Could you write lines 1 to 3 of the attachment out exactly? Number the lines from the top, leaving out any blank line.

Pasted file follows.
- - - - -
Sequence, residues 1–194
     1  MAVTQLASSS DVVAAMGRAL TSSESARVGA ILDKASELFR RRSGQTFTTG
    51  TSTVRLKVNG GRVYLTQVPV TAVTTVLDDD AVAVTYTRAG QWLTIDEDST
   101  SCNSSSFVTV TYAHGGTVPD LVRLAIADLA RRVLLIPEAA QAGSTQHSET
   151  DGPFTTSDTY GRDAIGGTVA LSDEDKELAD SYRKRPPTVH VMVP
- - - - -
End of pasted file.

Sequence, residues 1–194
     1  MAVTQLASSS DVVAAMGRAL TSSESARVGA ILDKASELFR RRSGQTFTTG
    51  TSTVRLKVNG GRVYLTQVPV TAVTTVLDDD AVAVTYTRAG QWLTIDEDST